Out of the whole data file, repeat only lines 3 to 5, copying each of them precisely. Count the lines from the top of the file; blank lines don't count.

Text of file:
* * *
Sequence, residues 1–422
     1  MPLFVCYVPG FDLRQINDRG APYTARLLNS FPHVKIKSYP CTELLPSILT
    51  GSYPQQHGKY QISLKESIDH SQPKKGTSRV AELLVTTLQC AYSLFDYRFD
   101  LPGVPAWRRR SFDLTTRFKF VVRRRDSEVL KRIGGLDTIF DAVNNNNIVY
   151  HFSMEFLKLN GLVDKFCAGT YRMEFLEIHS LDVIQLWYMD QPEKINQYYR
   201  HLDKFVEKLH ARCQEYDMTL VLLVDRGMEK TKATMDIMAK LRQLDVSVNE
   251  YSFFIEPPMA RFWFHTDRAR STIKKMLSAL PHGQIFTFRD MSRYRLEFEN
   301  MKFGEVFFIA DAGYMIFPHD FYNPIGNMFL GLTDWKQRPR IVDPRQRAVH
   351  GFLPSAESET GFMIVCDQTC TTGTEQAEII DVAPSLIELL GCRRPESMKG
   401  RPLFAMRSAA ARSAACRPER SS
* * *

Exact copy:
    51  GSYPQQHGKY QISLKESIDH SQPKKGTSRV AELLVTTLQC AYSLFDYRFD
   101  LPGVPAWRRR SFDLTTRFKF VVRRRDSEVL KRIGGLDTIF DAVNNNNIVY
   151  HFSMEFLKLN GLVDKFCAGT YRMEFLEIHS LDVIQLWYMD QPEKINQYYR